We also offer a suite of world-class precision machining services in the U.S., Mexico and Israel. We use advanced numerically controlled machines enabling the manufacture of components to very tight tolerances and the assembly of these components in clean environments. Capabilities include complex medium and large format mill and lathe machining of aluminum, stainless steel, plastics, ferrous and nonferrous alloys and exotic alloys. We also have helium and hydrostatic leak-test capabilities. By leveraging our established supply chain, we do lapping, anodizing, electrical discharge machining (EDM), heat-treating, cleaning, laser inspection, painting and packaging. We have dedicated facilities supporting machining and complex integration with access to a range of state-of-the-art, computer-controlled machining equipment that can satisfy rigorous demands for production and quality. This includes fully automated “lights-out” machinery that continues production in the absence of human operators. With some of the largest horizontal milling machines in the U.S., we are a supplier of vacuum chamber systems for the semiconductor, flat-panel display, LED equipment, industrial, medical and AS9100-certified aerospace markets.



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Viking Technology. Viking is our high-end product technology and engineering division that focuses on memory, RF, optical, microelectronics and enterprise solutions for the OEM's as well as cloud and communications service providers. Viking's mission and philosophy is to deliver leading-edge technology solutions that help optimize the value and performance of its customers’ applications.

Viking RF, Optical and Microelectronics. Optical and radio frequency (RF) components are key building blocks of many systems. Viking produces both passive and active components as well as modules that are built from a combination of industry standard and/or custom components, interconnected using microelectronic and micro-optic technologies to achieve a unique function.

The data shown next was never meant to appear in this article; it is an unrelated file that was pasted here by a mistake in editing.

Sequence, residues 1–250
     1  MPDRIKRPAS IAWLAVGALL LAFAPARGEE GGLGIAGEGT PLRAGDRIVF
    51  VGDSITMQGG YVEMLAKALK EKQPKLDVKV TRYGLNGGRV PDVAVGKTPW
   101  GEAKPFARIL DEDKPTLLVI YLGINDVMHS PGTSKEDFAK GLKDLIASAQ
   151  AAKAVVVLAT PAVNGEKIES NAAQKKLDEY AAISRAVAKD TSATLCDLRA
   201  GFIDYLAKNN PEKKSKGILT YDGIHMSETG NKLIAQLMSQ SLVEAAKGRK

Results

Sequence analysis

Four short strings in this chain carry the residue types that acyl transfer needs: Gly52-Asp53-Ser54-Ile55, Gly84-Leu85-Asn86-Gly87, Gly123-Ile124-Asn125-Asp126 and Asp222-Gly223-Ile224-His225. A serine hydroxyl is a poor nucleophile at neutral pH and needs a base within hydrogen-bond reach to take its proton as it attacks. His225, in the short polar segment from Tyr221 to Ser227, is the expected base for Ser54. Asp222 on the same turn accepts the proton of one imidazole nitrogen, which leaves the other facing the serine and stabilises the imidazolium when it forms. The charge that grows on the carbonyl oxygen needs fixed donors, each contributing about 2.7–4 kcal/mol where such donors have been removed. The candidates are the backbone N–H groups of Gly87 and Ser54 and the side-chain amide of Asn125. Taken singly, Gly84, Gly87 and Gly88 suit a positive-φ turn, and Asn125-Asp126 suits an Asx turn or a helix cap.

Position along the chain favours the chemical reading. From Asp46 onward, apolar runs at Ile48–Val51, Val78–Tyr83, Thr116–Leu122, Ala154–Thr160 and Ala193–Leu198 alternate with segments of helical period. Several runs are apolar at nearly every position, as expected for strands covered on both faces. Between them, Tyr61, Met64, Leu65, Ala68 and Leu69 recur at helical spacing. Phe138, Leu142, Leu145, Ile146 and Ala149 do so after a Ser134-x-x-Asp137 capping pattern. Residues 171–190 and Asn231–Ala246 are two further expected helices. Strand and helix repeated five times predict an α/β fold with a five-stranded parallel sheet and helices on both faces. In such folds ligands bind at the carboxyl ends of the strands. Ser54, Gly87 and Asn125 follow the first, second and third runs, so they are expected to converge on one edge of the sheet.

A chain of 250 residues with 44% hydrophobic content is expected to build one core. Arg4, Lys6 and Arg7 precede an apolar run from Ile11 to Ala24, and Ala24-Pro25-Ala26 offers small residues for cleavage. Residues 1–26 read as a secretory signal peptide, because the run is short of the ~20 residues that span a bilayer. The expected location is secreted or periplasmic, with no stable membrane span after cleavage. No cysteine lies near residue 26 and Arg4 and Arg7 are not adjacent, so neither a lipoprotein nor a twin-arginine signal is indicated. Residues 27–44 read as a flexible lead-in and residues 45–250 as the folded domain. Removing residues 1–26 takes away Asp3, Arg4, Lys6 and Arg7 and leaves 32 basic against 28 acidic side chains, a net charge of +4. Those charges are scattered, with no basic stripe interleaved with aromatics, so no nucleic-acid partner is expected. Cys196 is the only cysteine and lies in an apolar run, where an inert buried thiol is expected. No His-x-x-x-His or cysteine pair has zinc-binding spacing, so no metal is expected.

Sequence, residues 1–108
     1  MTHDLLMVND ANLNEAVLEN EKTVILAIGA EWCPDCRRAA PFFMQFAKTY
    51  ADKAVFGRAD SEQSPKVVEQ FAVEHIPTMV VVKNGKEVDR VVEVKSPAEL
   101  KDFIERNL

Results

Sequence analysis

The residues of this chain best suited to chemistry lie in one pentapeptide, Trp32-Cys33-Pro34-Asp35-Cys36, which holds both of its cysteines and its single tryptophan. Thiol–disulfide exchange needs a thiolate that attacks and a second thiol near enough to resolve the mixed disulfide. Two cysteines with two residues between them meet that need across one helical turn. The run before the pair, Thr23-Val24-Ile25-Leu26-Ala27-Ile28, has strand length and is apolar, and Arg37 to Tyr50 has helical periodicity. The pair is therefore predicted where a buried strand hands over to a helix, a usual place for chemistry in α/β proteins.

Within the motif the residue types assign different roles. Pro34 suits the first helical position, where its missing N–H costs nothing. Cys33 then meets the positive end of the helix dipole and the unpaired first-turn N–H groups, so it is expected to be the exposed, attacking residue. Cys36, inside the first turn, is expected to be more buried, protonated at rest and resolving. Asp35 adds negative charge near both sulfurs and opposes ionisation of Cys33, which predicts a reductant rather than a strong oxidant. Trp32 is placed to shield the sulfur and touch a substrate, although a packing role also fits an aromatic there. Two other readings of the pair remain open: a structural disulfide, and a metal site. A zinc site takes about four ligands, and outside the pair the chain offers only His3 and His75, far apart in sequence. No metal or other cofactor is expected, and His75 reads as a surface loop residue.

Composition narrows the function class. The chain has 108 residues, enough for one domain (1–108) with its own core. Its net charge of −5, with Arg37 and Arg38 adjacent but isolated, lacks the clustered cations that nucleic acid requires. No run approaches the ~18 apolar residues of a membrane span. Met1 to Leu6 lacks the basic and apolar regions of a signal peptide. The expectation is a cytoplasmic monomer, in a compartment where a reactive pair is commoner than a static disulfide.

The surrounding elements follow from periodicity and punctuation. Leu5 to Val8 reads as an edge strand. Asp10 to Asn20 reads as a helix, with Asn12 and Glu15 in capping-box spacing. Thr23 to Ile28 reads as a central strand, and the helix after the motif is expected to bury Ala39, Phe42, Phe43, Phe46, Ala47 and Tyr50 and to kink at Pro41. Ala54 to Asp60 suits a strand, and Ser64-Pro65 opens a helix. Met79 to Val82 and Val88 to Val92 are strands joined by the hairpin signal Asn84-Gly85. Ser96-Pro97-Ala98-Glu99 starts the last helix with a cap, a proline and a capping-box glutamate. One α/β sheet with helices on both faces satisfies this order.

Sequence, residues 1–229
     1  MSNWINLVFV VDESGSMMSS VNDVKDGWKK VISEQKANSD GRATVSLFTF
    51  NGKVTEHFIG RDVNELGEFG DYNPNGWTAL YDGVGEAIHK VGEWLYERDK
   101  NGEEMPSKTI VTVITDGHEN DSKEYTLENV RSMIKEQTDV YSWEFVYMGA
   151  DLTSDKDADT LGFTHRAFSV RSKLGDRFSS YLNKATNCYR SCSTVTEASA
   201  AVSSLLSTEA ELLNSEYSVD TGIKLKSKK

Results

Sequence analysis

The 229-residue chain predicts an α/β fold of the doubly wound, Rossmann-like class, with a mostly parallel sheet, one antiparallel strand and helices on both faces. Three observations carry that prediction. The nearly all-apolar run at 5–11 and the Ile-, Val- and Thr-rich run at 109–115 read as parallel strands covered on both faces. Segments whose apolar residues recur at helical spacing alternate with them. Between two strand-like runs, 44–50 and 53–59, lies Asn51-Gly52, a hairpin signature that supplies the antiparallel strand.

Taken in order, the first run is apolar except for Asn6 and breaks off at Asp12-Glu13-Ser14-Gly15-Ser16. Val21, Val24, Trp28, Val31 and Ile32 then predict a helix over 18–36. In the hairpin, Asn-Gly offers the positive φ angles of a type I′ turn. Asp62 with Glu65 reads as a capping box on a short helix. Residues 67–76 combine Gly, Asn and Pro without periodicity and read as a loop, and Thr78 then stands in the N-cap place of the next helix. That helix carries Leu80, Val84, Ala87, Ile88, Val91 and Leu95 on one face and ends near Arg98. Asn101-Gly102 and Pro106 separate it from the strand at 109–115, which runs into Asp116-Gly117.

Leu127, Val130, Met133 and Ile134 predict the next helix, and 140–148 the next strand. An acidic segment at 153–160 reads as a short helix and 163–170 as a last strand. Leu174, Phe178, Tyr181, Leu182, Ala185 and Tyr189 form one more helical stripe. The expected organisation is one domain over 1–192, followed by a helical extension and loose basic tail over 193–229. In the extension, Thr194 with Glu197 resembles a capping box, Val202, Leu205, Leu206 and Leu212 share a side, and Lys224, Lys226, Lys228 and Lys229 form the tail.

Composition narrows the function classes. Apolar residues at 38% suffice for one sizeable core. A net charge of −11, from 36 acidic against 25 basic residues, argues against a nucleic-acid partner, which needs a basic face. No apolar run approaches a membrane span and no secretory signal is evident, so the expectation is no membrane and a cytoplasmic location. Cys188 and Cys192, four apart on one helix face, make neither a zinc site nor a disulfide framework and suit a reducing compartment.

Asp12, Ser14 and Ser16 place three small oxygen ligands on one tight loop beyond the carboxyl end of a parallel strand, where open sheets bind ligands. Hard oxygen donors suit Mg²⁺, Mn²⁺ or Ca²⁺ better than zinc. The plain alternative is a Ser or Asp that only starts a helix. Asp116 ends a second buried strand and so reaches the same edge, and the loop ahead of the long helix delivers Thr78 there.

Based on its microelectronic design and manufacturing technologies, Viking provides RF and optical components, modules and systems for customers in the communications, networking, medical, industrial, military and aerospace markets. Viking’s experience in RF and optical communication and networking products spans long-haul/ultra-long-haul and metro regions for transport/transmission, as well as access and switching applications, including last-mile solutions. Viking is currently supplying product to the 10G, 40G, 100G, 200G and 400G optical communication marketplace based on Viking’s foundational IP within optical and RF technologies. In the medical market, Viking develops and manufactures components and subassemblies that support Sanmina’s medical operations for products such as blood analyzers, food contamination analyzers, and specialized optical spectrometers and fluorometers utilizing the latest optical technologies. Viking’s service offerings are designed to deliver end-to-end solutions with special focus on product design and industrialization, optical and RF components, module and blade manufacturing, as well as system integration and test.